TP: Can you tell me a little about your creative vision? And do you think you were able to realise that vision?
SP: I know it sounds too easy but Liza McLean [from Kay and McLean Productions] said to us after it had opened that it had perfectly realised what we had described and how it was going to work. But it’s funny because I really had to work out the design in order to say with confidence ‘yes I have a way of staging this.’ Actually I only realised the other day when I came across some early sketches that it did go through a hell of a lot of permutations. The two most difficult scenes were the cropduster and Mount Rushmore, and it was those two scenes that we had to make sure we were on top of before we even started. And Carolyn was very interested in the East versus West thing, spy versus spy.
CB: Yes. my favourite line is the whole thing is when Roger, the Carey Grant figure, says ‘you’re as bad as each other.’ And I just thought ‘both countries’ and I think it’s still the same and it’s still completely relevant today, wouldn’t you?
TP: I would completely agree. One of the great things about Hitchcock is that he is so contemporary and still so relevant today. For instance Eve is given her own character arc, she’s not a femme fetale, she has her own character development.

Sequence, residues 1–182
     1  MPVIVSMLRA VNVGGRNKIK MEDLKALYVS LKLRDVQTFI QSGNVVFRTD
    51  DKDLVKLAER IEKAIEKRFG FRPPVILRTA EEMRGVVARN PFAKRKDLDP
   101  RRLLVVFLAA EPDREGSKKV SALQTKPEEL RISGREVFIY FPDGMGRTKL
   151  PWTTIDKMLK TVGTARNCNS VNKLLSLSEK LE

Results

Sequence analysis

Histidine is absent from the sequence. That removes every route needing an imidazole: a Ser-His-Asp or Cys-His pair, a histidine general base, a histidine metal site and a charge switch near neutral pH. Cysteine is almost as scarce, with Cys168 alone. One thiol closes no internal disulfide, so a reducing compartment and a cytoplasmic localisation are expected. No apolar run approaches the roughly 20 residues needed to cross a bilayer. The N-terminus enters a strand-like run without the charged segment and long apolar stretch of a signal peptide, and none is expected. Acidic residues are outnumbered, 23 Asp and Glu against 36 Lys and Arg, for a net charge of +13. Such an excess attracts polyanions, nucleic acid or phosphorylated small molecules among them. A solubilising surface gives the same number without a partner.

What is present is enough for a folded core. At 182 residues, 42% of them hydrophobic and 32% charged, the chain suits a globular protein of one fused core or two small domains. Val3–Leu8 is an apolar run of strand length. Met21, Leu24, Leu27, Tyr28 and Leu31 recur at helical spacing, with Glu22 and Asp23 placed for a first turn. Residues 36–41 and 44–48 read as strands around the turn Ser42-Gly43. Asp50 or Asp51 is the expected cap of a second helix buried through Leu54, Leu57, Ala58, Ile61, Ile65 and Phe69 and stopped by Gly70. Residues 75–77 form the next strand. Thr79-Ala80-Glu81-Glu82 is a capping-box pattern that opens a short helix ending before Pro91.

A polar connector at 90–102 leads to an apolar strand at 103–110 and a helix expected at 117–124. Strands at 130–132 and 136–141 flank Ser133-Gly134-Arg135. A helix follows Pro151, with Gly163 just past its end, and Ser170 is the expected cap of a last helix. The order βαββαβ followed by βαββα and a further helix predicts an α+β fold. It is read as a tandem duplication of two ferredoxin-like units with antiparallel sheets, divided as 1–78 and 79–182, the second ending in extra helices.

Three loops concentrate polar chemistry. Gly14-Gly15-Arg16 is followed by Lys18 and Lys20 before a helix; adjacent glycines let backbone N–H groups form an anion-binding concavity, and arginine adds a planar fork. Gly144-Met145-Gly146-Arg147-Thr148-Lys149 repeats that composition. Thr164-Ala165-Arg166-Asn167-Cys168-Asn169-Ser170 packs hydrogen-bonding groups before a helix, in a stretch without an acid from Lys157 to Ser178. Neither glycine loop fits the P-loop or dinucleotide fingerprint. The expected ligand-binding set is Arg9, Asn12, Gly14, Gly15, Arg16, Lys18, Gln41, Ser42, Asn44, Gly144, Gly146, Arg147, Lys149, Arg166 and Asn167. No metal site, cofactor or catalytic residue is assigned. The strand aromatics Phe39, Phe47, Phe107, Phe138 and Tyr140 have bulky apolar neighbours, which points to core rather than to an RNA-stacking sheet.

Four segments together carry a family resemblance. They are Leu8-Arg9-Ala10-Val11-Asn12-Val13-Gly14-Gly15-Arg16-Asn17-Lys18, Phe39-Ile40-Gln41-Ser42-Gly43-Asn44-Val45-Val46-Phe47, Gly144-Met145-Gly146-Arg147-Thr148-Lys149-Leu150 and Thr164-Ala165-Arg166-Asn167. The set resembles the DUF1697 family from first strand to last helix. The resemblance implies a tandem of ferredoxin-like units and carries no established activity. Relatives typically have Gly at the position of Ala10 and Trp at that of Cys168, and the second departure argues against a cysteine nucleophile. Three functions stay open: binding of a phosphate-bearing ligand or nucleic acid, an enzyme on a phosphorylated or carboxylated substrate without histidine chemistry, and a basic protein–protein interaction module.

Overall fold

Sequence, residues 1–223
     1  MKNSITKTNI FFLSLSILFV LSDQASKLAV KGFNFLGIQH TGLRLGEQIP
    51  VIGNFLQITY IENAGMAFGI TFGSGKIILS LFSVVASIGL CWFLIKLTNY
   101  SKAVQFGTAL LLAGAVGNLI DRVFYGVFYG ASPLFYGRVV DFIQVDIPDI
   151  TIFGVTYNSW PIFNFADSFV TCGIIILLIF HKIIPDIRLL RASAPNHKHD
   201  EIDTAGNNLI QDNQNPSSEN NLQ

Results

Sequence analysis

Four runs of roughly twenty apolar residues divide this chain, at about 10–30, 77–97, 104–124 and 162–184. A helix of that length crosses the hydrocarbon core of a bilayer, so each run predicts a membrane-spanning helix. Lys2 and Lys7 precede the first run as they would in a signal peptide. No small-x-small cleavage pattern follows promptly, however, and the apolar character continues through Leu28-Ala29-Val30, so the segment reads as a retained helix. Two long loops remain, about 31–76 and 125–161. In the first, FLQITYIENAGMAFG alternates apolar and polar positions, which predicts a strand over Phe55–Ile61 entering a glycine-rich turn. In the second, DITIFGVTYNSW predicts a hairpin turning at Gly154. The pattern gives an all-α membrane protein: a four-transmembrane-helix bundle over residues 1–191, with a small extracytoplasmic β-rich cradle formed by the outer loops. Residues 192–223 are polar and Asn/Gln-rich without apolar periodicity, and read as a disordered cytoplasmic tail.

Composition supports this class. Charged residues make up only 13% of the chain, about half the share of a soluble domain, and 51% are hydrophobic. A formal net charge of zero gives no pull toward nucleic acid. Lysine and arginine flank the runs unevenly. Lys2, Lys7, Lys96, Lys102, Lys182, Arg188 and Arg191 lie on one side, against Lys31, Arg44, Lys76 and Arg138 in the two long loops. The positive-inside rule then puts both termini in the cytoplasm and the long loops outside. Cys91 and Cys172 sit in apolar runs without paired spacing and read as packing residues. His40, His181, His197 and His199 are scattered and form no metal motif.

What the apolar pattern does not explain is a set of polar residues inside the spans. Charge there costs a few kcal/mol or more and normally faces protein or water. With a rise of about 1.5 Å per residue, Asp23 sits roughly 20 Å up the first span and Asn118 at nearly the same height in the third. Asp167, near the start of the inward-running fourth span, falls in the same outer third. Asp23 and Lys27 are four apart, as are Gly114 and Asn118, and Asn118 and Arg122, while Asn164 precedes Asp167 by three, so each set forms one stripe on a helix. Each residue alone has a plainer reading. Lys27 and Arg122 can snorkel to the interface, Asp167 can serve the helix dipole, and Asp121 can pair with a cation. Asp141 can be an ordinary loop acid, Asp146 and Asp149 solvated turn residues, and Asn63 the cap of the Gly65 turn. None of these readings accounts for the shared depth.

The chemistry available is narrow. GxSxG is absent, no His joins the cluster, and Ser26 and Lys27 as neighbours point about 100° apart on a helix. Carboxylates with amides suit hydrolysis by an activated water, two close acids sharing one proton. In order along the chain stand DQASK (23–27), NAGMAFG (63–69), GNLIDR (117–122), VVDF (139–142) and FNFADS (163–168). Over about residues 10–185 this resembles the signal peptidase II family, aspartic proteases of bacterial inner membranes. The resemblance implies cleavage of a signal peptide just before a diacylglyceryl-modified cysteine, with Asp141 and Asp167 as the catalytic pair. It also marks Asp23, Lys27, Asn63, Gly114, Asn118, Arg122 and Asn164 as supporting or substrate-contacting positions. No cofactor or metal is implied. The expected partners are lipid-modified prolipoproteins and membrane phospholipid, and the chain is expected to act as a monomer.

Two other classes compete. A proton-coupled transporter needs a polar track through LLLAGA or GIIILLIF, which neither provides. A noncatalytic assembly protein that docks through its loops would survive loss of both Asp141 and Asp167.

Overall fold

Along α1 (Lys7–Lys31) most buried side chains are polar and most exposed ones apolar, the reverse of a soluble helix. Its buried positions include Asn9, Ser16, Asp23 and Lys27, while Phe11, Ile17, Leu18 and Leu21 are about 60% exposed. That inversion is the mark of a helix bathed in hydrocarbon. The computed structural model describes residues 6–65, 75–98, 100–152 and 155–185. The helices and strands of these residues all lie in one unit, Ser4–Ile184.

SP: Oh yes and she’s incredibly witty and very contemporary, which is so great and she is much more than a match for [Roger].
CB: And it also shows the development of one of the original Mad Men [Roger] who starts shallow and ends up slightly deeper. I did really enjoy writing for the mother, and in doing so making [Roger] even more of a mummy’s boy. We’re very lucky that Gina Riley has taken on that role.
TP: I just have one final question, Carolyn you mentioned your time at film school, I was wondering if you could give me a brief overview of your journey to the stage.
CB: Well, because I spent a lot of my childhood reading I found that writing was something that came fairly naturally to me and when I was 9 I wrote my first musical. Then I began writing little pieces for the newspaper; I didn’t really begin writing properly until I went to university in Auckland with Simon, where I wrote my first adult play. I’ve had a very long and complicated journey and in some way it has been a sideline to bringing up four children. I learned from Alan Plater while I was at film school that there is a real art to adaptation. But this one, North by Northwest, is really all about the style. Simon and I haven’t worked together that much but it is lovely to work with him now.
TP: That’s wonderful, thank you very much for your time. Best of luck with the next run of North by Northwest and with the opening of Ladies in Black.
North by Northwest is showing at the Arts Centre in Melbourne from 29 January to 10 February 2016. For tickets and more information visit : https://www.artscentremelbourne.com.au/whats-on/theatre-drama/north-by-northwest-2016
Ladies in Black is showing at the Melbourne Theatre Company from 16 January to 27 February 2016. For tickets and more information visit: http://www.mtc.com.au/plays-and-tickets/season-2016/ladies-in-black/